Podcast: Season 4 Episode 3 – Old Home, New Tricks: Modernizing an Aging Property

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Season 4, EP. 3 – Old Home, New Tricks: Modernizing an Aging Property


NOTE: This transcript was automatically processed using artificial intelligence and may or may not be 100% accurate.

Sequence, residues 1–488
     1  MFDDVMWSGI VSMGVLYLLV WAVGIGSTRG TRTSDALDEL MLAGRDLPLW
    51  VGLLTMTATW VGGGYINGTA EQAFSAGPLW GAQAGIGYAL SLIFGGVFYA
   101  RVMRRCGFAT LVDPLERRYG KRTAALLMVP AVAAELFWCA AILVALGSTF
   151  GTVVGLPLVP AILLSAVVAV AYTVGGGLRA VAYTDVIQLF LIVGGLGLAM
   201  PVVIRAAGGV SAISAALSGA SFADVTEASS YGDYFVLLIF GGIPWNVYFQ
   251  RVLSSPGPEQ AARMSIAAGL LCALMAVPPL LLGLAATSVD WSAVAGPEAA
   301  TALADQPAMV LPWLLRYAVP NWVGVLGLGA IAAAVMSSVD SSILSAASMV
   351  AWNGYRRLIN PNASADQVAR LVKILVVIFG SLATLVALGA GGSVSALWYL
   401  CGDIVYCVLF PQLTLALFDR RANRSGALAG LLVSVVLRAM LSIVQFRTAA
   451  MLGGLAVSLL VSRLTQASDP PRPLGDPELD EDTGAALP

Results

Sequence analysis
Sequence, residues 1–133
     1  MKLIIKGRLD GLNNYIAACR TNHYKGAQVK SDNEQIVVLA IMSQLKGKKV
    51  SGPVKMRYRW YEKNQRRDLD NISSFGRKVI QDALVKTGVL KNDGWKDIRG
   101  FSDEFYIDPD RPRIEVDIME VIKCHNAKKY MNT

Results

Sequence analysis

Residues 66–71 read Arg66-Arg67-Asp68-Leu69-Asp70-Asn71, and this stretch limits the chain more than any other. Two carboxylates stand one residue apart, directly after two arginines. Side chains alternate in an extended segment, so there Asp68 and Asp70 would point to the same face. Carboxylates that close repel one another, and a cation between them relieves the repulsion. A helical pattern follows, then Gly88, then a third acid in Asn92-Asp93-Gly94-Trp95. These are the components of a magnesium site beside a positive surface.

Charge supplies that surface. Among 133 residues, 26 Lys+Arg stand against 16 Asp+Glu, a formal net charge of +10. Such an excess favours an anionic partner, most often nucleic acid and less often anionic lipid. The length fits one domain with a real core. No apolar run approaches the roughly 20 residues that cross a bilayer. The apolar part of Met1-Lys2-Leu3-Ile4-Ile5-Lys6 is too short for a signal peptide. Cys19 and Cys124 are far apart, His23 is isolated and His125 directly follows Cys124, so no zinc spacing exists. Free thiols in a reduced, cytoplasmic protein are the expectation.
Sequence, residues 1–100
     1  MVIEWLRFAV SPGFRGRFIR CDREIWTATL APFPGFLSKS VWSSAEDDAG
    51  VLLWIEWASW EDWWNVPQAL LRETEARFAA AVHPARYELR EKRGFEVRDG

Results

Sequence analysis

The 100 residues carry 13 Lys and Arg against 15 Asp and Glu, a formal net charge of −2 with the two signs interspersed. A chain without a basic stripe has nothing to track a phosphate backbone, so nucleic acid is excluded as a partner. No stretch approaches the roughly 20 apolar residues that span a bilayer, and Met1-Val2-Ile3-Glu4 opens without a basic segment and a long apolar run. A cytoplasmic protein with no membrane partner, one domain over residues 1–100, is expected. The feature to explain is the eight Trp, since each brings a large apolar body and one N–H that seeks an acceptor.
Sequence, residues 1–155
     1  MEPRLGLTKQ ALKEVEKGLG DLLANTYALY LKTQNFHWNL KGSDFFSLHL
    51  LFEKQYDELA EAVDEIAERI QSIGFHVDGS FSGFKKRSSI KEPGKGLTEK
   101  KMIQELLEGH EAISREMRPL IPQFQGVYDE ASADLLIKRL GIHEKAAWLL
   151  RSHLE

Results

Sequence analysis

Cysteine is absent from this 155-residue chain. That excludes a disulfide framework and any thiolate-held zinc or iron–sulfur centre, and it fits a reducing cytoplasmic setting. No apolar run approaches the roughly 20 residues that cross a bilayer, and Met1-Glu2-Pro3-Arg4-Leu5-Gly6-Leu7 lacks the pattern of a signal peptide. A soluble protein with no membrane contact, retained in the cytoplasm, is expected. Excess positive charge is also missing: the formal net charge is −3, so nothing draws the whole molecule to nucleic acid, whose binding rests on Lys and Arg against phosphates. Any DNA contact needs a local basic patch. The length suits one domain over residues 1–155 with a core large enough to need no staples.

(Transcribed by TurboScribe.ai – Go Unlimited to remove this message) [Tony] Hello, this is Tony with Household Home Inspections, I’m here with Brian today. Hello. Today’s topic is old homes, new tricks. [Brian] New tricks for your old home. Yeah. I’m looking forward to this topic, Tony. Before we start though, my wife reminded me that you’re new here, and people have never heard you before, except for the last two podcasts. [Tony] Yeah, I am new. [Brian] She thought it’d be good if you just took two seconds and told people who you are. [Tony] Oh, okay. Who I am? All right. Yeah, I’m Tony Youngblood, and I’ve been in the home inspection business for several years now. Before that, I was in the corporate world, manufacturing, paper manufacturing, quality control, safety, and just equipment, or facility management. And so that’s kind of my background. I did that for the longest amount of time. And then transitioned into the home inspection business field. And here I am, lucky enough to be with Brian Bosch. [Brian] Well, we’re happy to have you for sure. [Tony] Yeah, thanks. [Brian] All right. So old homes, new tricks. So what does that mean, Tony? [Tony] Well, you have an older home that you really love the aesthetics, the old feel, the things that you get from a home that was built many, many years ago, let’s say 1920s, 30s. And then you want to go ahead, though, and maybe go ahead and update it a little bit, especially in areas that will probably need some updating for a lot of different reasons. But you don’t want to really affect the charm of the home, the things that you really love about the older home that you can see visually, aesthetically. [Brian] Got it. So new outlets keep the squeaky floorboards. [Tony] Right. You probably want to go ahead and address those types of things for sure. You got, could be your electrical system. You don’t have enough wall outlets around the rooms. You don’t have certain things that are up to date that are make a home safe in your electrical system. Could be plumbing issues. I mean, you’ve got something that’s close to, I don’t know, 60, 70 years old or more, what’s going on underneath that house, right? With all the plumbing and whatnot. So there’s those things. [Brian] So I will say personally, this is a sort of a personal opinion, I guess, but I absolutely love homes that this has been done to. So these are older homes. They’ve got a ton of charm. They did a ton of things back then that we don’t do now that I personally like, my wife likes it too, right? And so those are things that if you were to build a home today, you would have to intentionally do to a new build in order to sort of recreate that same level of nostalgia. And I mentioned some of it before, right? It’s like the squeaky floorboards, the fact that you walk up to the porch, it’s not on the same level as the ground, right? And things like that. You’ve got just charming different sizes of room ceilings maybe, or different transitions because normally those types of houses were added onto over the years and things like that. And so just sort of working with that sort of what you would call charm or nostalgia, I think is really important. When you go to update an older home like that, you want to keep those elements while making it more of a modern standard, right? And so I think that’s really a trick for people, right? Because when you think about people coming in to fix up a home, they’re renovating kitchens, they’re changing walls, they’re moving things. And I think with an older home, it’s a little more of a challenge, especially if you’re trying to keep some of that look. [Tony] Right. I mean, they built things differently back then, not only the add-ons that you talked about and the different ceiling and configurations, but there’s sometimes not as much room to add the modern amenities and upgrades that you might want. So yeah, there’s some challenges there for sure. I mean, with an older home, I think one thing, you probably don’t want to keep those, the squeaky floors, right? No. Well, my wife would love them. She loves those old wooden floors that squeak. She loves them. Okay. Okay. So that’s, okay. [Brian] But no. So when you think about updating an older home like that, right? So most of what we’re going to talk about today are the things that are under the covers. They’re things you really can’t see on a day-to-day basis. [Tony] Right. [Brian] So when I think about an older home, they can be very old, right? So you can have a home built, for example, in the 1700s, it’s still standing today because it’s been maintained throughout the years. And when you’re dealing with those historic homes like that, right, that have been around in some cases for centuries, they didn’t originally have plumbing. They didn’t originally have electrical systems. And so they’ve been updated usually multiple times throughout the years. The big one that they didn’t have that really they don’t, unless they design the house for it, there’s not a great way to add it later is the HVAC system. So when we look at homes, even homes that were built in the twenties and they’ve added the HVAC system later, we see all kinds of strange configurations, right? We just looked at one the other day where they literally just shoved an air conditioning unit in a coat closet in the front. And that was it. There was no air return in the house anywhere. It was literally getting return air from the closet. [Tony] Right. [Brian] And so when you think about updating a home, right. And you think about, okay, I’m buying this older home. You’re going to find strange things like that. And when you find those things, I think it’s really important to hire a professional who knows what they’re doing. Maybe in that particular case, an HVAC engineer, and not just, you know, Joe down the street who runs an HVAC company, right. Get an engineer to come in and really design that system. [Tony] Rather than install it in your coat closet up front. [Brian] Yes. Rather than install it in your coat closet. [Tony] Absolutely. [Brian] And, and like you said, it’s, it’s not easy all the time to find space for those things, because there was no mechanical closet built in 1920. It didn’t exist. So you either need to find a way to build that in, or you need to find a way to do something more modern, where you would put the HVAC in the attic and then figure out how to make the duct work work. Right. Correct. And, and doing all that without destroying your home sometimes can be a bit of a challenge. Right. [Tony] I mean, I guess you could go possibly in the basement crawl space area, if you have enough room. [Brian] Yeah, you can. Doing duct work in a crawl space is really, really tricky. I, I wouldn’t personally recommend it unless you have a company that’s really experienced and knows what they’re doing. When we do inspections on, on homes that have been updated, that were older. Right. A lot of times, some of the bigger problems we find are with the duct work in the crawl space. [Tony] Right. So that’s something you probably want to avoid unless you really have a lot of room and it can be done correctly. [Brian] And you know what you’re doing. [Tony] Yeah. Yeah. Okay. Absolutely. How about the, the plumbing? You know, we see a lot of cast iron and, and things like that in older homes that sometimes it’s been partially update, repaired or updated. And, and that’s just a, that can be kind of expensive, I guess, or. [Brian] It can, it can be very expensive. [Tony] Very expensive. Right. [Brian] Many older homes though, have a crawl space. Yeah. And because it has a crawl space, depending on the crawl space, it can be less sometimes in terms of money, right? If you’ve got a nice big open crawl space, they can literally get to everything. There’s no digging, there’s no tunneling, there’s no jack hammering involved. You’re not dealing with going through a slab to get to, to that type of plumbing. [Tony] Absolutely. [Brian] Yep. And, and so when you are looking at replacing those older pipes, sometimes with a crawl space, it’s cheaper. Now, if, if you have a crawl space, that’s not really built correctly, or it was built at a time where people didn’t worry about getting under the house because they didn’t have plumbing. [Tony] Right. Right. [Brian] Then, then sometimes that area is too tight and then it can be, you know, in many cases, just as much as a slab. So those are things to think about. Older pipes, I like to say plumbing doesn’t improve with age, right? [Tony] Right. [Brian] There’s just no way. Probably the one system that gets the most wear and tear of all of them on your, on your property, with maybe the exception of your roof. Okay. [Tony] For sure. So I mean, but the plumbing itself is something in an older home you definitely want to take a look at because it can be, if not, it could be, but one of the most costly items if you have to. For sure. [Brian] Yeah, definitely. And if you’re buying an older home, don’t, don’t skimp on the plumbing inspection, right? Definitely get the sewer camera inspection with it. Definitely. You want to make sure that, that whoever you’re hiring is doing at least a simple leak test where they’re making sure that with all the fixtures and everything off, the meter’s not spinning, that kind of thing. Oh yeah. Yeah. So plumbing is plumbing can be very expensive. If you’re updating an older home though, you might you might want to consider doing some things, like I said, to kind of keep that charm, right? So when you’re, when you’re looking at a company to come in and, and redo the plumbing, look for a company that’s got some experience in not just demolition and fix the plumbing and have somebody come in and deal with the aesthetics later, right? Look for a company that’s got some experience with older homes, historic homes, and, and knows what they’re doing and can pull those floorboards up carefully. And, and some of the other things that make it easier to restore it to, to the state that it’s in. [Tony] Cause I mean, you want to definitely at least do that and even maybe incorporate some modern design trends, you know, in, in, in different areas where it makes sense and, and it helps maintain the, the special aesthetics that you love about the home and… [Brian] Sure. I mean, who doesn’t want a coffee bar in their kitchen these days, right? You need to make sure that the electrical system can support sort of a modern home, right? So modern homes are smarter. We use more power today than we ever have. And so older homes oftentimes don’t have the same amount of power coming into the house. And so you want to make sure that one of those key updates to an older home is the electrical system, updating it to things like arc fault breakers, tamper resistant outlets, making sure that the, the electrical panel itself can actually support the, the level of need that you’re going to have, right? If it’s a bigger, older home, you might have multiple air conditioning systems. Each of those need to be on their own circuit. So all those things. And then once you’ve kind of gotten that up to date, the other thing you need to be thinking about, because you’re talking about modern design, right? Right. Is the placement of those things. Yes. So that where is your electrical panel going to be? A more modern design would be to put it in a garage. Well, older homes didn’t have garages, right? Or they were detached. Okay. So it’s going to likely be on the outside of your house somewhere. Um, it’s probably somewhere now there’s a good chance that depending on the age of your home, it’s in a closet. You really want to address that, right? A more modern design would be to move that from the closet to an exterior wall or somewhere along those lines, right? Um, you could also consider burying your electrical lines in the yard. Oftentimes older homes have them coming off a telephone pole and over to your roof. Yep. Yep. A more modern design would be to hide those, right? Be more just aesthetically pleasing. Those are small changes, but they’re key changes that can really keep the look, the charm, and in some cases even improve it, um, while improving your safety, improving your, uh, quality of life in many cases. Level of comfort. [Tony] Yep. [Brian] Level of comfort. So what are some things people can do to sort of keep the value in their home, uh, while doing the updating? [Tony] Well, for sure, I would think that on a somewhat annual or biannual basis, have someone out there service the roof, the AC, uh, air conditioning system, HVAC system. Um, also just painting and, uh, keeping the outside of the home protected from the elements, the weather, uh, very important, keeping the water intrusion from coming into your home or under your home being, whichever the case may be, crawl space, basement. [Brian] Control your water. [Tony] Yeah. Control the water around the home. So, I mean, and to me, um, I mean, windows are something that, you know, you definitely want to take care of. I’m not sure how much maintenance you can do. They’ll begin to seal the windows and, and make sure they’re functioning and lubricated properly for sure. That might be it. [Brian] So the, the, the big one for me, um, is really just making sure that the home is well protected. Yeah. Um, you mentioned the roof, right? That’s, that’s a big one. Um, and the siding and things like that, but what you didn’t really talk about so much is sort of the flashing around windows and doors, right? Older homes tend not to be brick. Um, they can be, but they tend to be siding, right? And when they built those homes back then, they didn’t always flash around windows and doors the way we would today. Right. So, um, just checking those things, if you are updating windows, right, which that would be a great update for an older home. Um, just make sure that they’re doing the flashing and the, and the things like that, that really we would do today to sort of keep water from coming in, in maybe a hidden way. [Tony] Yeah. Protect the, the, the house from water intrusion for sure. Flashing would be a really, I didn’t even think about that a good upgrade for, uh, with the windows for sure. Yeah, definitely. [Brian] So Tony, let’s wrap this thing up. [Tony] Sure. [Brian] How would you, how would you wrap up, uh, this particular podcast? [Tony] Well, I mean, I, I think the most important thing is, is that when you, you fall in love with a charming old home and you plan to, you know, upgrade that and you, you want to really, um, do all the right things, but also preserve the charm of the home, all the aesthetics, all the nice things, uh, nice things that you see that made you fall in love with the home. It’s really important to get a good home inspection, which we will do for you. That’s detailed and help show you all the things that you might want to address. You can then make decisions about what’s important to you about your comfort, your safety, and, uh, and, and what do you need to do to make that home, uh, comfortable for you. [Brian] Very good. Okay. Well, if you’re enjoying what you hear or you’re getting value out of it, uh, make sure that you like, and subscribe, comment on the podcast, share it with your friends. Uh, we are with House Fluent Inspections. You can find us on all the socials at housefluentinspections.com and pretty much anywhere in the world, I guess. We’re probably the most accessible company out there. [Tony] Yeah. But we only inspect in the North Texas area. That is true. Today. [Brian] Yeah. Um, so Tony, what do you have going on today? [Tony] Oh. (Transcribed by TurboScribe.ai – Go Unlimited to remove this message)